The Tuesday Night Club has chosen Foreign Mysteries as this month’s theme – as usual, in any way the blogger likes to interpret it.
Bev at My Reader’s Block has produced another great logo for us, and she is also collecting the links this month.
Anyone is welcome to join in, either as a one-off or on a regular basis. Just contact one of us.
Last week I looked at Agatha Christie’s Appointment with Death, set in what was then called the Near East – the murder takes place at Petra in Jordan. There were some great comments from Christie fans who had a soft spot for the book, and a lot of love also for Murder in Mesopotamia. I had already decided I had an interest in re-reading They Came to Baghdad. And I had found at the Library of Congress a most wonderful source of photographs of the region – the Matson collection. So, pretty much, this week’s entry was settled…
Murder in Mesopotamia by Agatha Christie
An old favourite. I said in the comments last week that there is a basic huge problem with the plot of Murder in Mesopotamia, something most unlikely you have to swallow with the solution, but I love everything else, particularly the details of life on the dig, and I think I could draw the house plan from memory.
Like John at Pretty Sinister Books, I read the book as a teenager and it opened up a whole new world to me – I loved the foreignness, and the idea of living and working on a dig. It seemed so exotic to me as a very untravelled young person.
Later on I found out that the character of Louise Leidner is based on Katharine, wife of the archaeologist Leonard Woolley. The Woolleys introduced Christie to her second husband Max Mallowan, who worked on excavations with them. Christie frequently accompanied him after that, so she knew whereof she wrote – both about the digs and about the boss’s wife. Mrs Woolley’s reaction to the portrayal does not seem to be recorded. Christie had dedicated her The Thirteen Problems to both Woolleys a couple of years earlier.
We find out what books Louise Leidner has on her bookshelves. A couple of years ago I featured a rather obscure novel on the blog, Rose Macaulay’s Crewe Train. I was very impressed when my good friend Margot Kinberg of the Confessions of a Mystery Novelist blog pointed out to me it was one of those books on Leidner’s bookshelf: a solid gold piece of trivia. Hercule Poirot concludes that the list shows that the owner is 'not a fool... she had a mind.' He tells us that each book reflects some aspect of the victim (though it won't solve the crime for you), Crewe Train because of its picture of an independent individualist.
The book stands up well to a re-read – even if you are unlikely to have forgotten the solution – and the narrator Nurse Amy Leatheran is still a fine creation.
They Came to Baghdad by Agatha Christie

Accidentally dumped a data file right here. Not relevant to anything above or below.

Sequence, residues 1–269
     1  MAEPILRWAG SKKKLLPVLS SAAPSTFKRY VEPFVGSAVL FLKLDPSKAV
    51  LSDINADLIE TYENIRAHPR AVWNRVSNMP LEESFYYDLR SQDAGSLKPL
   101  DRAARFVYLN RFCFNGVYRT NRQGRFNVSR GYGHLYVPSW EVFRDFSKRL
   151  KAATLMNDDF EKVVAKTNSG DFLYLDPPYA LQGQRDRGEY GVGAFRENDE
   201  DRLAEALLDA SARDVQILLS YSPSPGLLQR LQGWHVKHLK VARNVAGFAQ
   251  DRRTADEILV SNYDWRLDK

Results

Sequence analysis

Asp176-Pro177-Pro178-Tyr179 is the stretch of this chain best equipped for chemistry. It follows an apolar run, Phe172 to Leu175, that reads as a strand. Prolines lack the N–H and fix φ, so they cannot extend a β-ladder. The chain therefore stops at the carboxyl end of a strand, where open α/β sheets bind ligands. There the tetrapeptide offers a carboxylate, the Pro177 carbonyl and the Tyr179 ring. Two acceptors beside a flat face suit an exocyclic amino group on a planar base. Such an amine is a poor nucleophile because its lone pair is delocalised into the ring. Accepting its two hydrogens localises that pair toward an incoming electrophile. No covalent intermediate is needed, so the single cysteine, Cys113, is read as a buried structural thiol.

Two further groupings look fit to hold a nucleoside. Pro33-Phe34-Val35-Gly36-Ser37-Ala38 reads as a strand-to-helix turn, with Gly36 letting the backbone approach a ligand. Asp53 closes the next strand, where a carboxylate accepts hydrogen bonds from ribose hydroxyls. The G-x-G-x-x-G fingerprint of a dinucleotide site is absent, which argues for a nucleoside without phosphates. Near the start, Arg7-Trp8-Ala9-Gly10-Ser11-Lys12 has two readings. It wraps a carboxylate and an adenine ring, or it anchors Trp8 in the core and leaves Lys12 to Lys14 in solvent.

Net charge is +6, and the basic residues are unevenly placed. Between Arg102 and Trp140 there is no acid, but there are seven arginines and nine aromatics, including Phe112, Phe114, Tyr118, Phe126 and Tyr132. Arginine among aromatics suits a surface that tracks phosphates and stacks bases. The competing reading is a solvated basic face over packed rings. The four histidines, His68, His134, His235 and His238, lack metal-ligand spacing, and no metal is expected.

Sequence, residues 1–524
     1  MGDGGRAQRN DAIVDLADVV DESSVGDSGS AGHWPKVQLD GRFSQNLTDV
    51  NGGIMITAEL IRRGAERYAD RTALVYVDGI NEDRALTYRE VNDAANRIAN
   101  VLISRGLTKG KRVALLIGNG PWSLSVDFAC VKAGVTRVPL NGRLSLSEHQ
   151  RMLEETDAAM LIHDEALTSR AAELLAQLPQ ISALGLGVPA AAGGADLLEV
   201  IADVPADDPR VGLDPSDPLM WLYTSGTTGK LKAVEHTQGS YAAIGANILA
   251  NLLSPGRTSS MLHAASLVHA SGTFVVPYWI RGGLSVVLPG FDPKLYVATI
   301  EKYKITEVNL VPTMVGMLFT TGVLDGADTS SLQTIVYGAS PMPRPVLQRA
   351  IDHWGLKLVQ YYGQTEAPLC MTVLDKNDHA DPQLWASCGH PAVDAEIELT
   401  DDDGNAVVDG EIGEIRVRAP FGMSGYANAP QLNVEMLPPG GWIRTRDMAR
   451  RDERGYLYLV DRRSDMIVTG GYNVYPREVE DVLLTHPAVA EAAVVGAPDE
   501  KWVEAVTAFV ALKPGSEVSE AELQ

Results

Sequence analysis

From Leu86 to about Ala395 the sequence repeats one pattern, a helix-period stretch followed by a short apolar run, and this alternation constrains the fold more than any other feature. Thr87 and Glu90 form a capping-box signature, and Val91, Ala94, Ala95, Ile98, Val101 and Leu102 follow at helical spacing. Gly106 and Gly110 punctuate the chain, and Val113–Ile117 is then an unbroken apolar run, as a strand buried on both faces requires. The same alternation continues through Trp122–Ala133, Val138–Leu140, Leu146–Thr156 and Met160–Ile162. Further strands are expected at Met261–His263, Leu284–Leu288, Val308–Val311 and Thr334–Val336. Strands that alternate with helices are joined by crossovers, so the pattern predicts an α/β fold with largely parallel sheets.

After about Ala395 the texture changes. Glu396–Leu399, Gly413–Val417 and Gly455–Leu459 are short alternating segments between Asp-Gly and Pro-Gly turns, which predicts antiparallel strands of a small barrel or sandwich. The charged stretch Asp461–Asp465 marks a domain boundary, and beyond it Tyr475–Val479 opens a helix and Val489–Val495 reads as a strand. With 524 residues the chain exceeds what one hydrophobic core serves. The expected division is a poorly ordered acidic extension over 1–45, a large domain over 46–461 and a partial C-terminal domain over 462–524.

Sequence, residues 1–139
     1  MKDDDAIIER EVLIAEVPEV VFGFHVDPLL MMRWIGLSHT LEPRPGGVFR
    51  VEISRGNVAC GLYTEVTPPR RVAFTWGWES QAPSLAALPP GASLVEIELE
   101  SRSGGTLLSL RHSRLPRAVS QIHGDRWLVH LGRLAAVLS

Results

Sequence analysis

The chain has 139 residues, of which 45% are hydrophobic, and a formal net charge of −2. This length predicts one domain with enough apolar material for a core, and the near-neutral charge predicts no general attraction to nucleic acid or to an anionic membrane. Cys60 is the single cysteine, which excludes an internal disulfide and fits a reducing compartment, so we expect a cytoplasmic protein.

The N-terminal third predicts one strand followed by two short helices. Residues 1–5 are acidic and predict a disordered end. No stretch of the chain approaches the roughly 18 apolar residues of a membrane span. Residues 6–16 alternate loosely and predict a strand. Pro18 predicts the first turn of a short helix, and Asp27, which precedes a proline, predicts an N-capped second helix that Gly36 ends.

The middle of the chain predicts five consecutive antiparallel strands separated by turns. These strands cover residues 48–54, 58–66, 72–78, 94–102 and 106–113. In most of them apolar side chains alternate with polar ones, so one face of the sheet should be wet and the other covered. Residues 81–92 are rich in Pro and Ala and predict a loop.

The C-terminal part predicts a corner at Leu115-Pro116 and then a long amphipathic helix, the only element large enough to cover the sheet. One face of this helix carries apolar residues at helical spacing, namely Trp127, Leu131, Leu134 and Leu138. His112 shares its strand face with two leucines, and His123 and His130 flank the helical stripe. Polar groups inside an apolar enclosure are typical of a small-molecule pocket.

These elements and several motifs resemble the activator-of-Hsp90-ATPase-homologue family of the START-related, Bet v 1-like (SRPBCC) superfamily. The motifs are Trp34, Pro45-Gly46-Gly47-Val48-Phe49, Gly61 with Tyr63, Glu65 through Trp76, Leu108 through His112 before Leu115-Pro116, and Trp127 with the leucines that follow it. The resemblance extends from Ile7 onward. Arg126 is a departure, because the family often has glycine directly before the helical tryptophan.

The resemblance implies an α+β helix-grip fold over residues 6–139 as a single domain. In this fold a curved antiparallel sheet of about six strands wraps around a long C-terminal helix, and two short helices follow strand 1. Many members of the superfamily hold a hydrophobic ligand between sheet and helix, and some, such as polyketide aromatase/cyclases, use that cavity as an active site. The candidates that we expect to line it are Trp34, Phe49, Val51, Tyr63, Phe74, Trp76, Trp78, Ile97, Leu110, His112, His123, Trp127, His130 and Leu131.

This is a throwback to the more thriller-esque of Christie’s books from between the wars, the flapper adventures, with young Victoria Jones off on a madcap trip to Baghdad in pursuit of a man. But she’s much more like Anne Bedingfield (from Man in the Brown Suit) than my bete noire Tuppence and I enjoyed the book very much. It has the usual ludicrous plot and coincidences – it would be a brave reader who tried to make too much sense of what is going on – but Victoria is brave and resourceful and funny, and her adventures are weird enough to stay interesting. At one point she has her hair forcibly dyed, and is put out because:
She enjoys Baghdad, and then goes off into other parts of Iraq, all beautifully described – I particularly enjoyed the men with the travelling cinema setup. Of course, she visits an archaeological dig. Amid the general kerfuffle, there is one genuinely clever trap for the unwary reader.
A phony platinum blonde with no facepowder and no lipstick! Could any girl be more unfortunately placed?
And, after reading Christie’s descriptions of the area, and then reading the current news from Iraq and Syria, this passage near the end struck me. Victoria thinks of an everyday bowl from thousands of years ago that she saw at the dig:
Those were the things that mattered – the little everyday things, the family to be cooked for, the four walls that enclosed the home, the one or two cherished possessions. All the thousands of ordinary people on the earth, minding their own business, and tilling the earth, and making pots and bringing up families and laughing and crying, and getting up in the morning and going to bed at night. They were the people who mattered…It may be simplistic, but as true now as it was in 1951.
As last week, I could have use dozens of the pictures from the Matson collection: these are just a few, of archaeologists, digs and cities.
Archaeologist from the Matson Collection
Archaeologists and pillars at Basra.
Archaeologist showing inscriptions.
Copper bazaar in Baghdad, mentioned in both books, from same collection.
Baghdad street scene.